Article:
The Godfather started it. You may not know the scene but you know the line from Michael Corleone played by Al Pacino:
“It’s not personal Sonny. It’s strictly business.”
It’s a statement being used somewhere today in a conference room or over lunch or on a putting green to justify doing something that’s going to feel personal to somebody but the decision is good for the organization. You’ve may have said this. You may even believe it. Undoubtedly you’ve been on the receiving end of it at some point.
Another movie sought to take this idea on. In 1998, Meg Ryan’s character in You’ve Got Mail pushed against it. Joe Fox, the corporate book retailer played by Tom Hanks put Kathleen Kelly’s (played by Ryan) little bookstore out of business. He said it wasn’t personal. Just business. But it was personal:
Joe Fox: It wasn’t personal.
Kathleen Kelly: What is that supposed to mean? I am so sick of that. All that means is that it wasn’t personal to you. But it was personal to me. It’s personal to a lot of people. And what’s so wrong with being personal, anyway?
Joe Fox: Uh, nothing.
Kathleen Kelly: Whatever else anything is, it ought to begin by being personal.
She’s right. It should begin by being personal. Your organization is being graded on a variety of things every day like the quality of your products or the helpfulness of your customer service representatives and if your organization’s culture begins by being personal you’re going to make better products and hire better customer service reps.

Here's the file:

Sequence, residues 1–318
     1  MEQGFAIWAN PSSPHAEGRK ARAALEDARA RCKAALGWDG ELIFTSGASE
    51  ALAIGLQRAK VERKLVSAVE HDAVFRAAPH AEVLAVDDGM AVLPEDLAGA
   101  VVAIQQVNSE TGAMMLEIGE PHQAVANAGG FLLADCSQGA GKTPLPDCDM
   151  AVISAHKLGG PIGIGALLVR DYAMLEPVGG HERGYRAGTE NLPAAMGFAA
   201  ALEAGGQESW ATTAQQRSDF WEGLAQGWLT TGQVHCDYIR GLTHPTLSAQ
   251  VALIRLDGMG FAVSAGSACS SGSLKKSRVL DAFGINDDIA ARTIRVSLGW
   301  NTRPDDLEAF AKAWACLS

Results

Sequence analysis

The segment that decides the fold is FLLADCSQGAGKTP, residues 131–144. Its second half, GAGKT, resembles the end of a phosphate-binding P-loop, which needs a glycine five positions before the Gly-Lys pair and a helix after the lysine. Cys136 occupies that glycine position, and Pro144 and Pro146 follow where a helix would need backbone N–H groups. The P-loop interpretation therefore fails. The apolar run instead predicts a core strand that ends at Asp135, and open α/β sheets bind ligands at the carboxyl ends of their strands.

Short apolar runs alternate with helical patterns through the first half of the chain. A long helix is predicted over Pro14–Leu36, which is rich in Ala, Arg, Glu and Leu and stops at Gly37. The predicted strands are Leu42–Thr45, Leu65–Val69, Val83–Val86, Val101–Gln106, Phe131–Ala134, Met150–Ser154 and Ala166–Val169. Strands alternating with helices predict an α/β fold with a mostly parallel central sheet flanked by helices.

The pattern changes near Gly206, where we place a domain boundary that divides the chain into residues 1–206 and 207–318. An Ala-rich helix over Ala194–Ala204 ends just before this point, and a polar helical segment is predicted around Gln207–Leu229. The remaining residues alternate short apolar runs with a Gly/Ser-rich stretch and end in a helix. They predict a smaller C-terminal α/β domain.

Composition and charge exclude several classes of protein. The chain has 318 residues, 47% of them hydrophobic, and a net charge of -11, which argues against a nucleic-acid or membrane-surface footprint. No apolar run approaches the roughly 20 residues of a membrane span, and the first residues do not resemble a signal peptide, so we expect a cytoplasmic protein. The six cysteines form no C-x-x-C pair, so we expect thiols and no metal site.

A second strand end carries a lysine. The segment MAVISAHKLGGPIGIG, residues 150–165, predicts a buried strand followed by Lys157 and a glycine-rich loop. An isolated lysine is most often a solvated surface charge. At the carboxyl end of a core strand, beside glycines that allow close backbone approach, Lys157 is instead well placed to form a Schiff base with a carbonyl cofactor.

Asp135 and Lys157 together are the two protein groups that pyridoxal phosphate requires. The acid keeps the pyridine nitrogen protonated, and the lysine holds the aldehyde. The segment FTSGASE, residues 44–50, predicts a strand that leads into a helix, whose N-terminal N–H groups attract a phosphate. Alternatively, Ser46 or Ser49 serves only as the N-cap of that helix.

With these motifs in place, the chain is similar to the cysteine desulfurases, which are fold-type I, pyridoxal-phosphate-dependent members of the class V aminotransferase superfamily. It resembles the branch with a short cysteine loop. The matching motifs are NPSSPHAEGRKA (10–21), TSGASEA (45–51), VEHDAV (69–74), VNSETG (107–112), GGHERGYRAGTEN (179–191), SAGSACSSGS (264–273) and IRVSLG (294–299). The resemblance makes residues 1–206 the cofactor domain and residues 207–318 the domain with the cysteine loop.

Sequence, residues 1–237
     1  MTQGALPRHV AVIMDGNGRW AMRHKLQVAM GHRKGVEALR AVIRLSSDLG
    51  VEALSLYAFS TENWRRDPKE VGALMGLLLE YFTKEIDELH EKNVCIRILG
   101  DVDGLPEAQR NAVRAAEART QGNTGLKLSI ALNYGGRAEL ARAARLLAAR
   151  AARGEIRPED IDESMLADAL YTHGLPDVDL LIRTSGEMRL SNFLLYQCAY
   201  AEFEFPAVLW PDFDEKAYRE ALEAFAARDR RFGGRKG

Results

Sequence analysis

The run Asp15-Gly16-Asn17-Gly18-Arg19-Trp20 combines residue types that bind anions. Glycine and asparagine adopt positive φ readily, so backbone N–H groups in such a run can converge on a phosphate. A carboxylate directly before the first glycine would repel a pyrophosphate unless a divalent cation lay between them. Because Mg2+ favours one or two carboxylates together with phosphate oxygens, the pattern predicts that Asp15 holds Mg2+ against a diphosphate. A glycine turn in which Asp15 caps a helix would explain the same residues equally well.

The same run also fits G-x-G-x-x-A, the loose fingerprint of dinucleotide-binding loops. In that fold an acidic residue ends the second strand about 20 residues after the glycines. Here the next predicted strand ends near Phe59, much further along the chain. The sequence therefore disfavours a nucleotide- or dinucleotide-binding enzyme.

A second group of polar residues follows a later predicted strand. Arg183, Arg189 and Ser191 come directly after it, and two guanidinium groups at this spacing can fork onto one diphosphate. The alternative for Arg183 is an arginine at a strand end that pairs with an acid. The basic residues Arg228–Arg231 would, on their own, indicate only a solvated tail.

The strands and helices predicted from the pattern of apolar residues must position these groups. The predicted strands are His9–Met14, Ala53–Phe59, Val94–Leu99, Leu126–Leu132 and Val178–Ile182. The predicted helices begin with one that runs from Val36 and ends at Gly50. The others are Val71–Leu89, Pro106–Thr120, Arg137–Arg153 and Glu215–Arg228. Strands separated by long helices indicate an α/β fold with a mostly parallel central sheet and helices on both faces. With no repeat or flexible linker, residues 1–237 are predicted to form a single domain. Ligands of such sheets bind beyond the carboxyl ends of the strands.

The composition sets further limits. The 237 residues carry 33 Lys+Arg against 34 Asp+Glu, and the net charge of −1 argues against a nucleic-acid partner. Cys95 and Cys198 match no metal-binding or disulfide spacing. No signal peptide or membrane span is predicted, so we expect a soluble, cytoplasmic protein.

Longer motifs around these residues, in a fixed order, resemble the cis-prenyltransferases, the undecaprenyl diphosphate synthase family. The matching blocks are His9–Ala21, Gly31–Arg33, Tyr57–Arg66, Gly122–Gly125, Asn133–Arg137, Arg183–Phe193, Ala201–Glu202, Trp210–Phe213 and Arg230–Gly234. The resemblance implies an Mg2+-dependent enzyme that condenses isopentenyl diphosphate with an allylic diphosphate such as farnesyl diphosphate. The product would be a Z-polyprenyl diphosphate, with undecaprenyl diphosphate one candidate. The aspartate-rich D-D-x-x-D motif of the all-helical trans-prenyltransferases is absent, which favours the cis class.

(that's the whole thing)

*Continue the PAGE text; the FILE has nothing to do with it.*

It’s not the easier path but it is the better path. The implications are vast:
- If business is personal it doesn’t happen at arms length.
- If business is personal it requires transparency.
- If business is personal it demands the truth.
- If business is personal then you’ll honor your word.
- If business is personal you’re looking for everyone to win.
Unless your business doesn’t involve people in any form or fashion (and I’d like to know what that might be) then it’s personal to someone. A particular business decision may not be personal to you but it’s personal to someone else. If you’re lucky, you’ll never meet the person impacted by a business decision, but in today’s connected, sharing, venting out loud type of world, the likelihood that you’ll find out who your decision impacts is more probable than ever and then you’ll have to deal with that in whatever form it takes.
Of course, you could just recognize that business is personal and make decisions with that in mind too. It’s your call.